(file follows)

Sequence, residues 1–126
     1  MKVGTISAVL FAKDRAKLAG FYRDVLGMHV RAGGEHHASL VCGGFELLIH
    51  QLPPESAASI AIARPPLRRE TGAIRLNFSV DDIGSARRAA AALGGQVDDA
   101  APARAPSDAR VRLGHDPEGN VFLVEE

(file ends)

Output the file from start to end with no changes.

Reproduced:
Sequence, residues 1–126
     1  MKVGTISAVL FAKDRAKLAG FYRDVLGMHV RAGGEHHASL VCGGFELLIH
    51  QLPPESAASI AIARPPLRRE TGAIRLNFSV DDIGSARRAA AALGGQVDDA
   101  APARAPSDAR VRLGHDPEGN VFLVEE